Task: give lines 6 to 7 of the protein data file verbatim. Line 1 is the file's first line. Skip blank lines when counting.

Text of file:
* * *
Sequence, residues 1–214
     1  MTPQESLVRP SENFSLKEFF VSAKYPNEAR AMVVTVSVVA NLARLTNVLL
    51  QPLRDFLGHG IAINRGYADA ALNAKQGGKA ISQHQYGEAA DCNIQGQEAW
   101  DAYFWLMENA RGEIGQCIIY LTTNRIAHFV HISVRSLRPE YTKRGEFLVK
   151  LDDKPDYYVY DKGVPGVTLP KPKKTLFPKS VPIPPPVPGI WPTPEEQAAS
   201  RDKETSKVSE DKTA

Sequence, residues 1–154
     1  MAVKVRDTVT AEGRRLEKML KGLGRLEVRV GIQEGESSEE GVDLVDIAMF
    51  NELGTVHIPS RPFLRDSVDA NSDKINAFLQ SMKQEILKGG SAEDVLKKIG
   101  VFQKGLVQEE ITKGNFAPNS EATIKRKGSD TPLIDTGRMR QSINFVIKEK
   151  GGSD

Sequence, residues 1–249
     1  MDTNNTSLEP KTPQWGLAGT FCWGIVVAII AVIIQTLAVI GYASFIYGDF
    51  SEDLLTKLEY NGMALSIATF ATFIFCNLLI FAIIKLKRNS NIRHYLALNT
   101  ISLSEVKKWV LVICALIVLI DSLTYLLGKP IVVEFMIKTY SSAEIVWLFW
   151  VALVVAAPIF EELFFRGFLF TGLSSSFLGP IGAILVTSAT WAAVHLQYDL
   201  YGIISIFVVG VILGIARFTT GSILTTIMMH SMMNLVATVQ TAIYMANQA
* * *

   201  RDKETSKVSE DKTA

Sequence, residues 1–154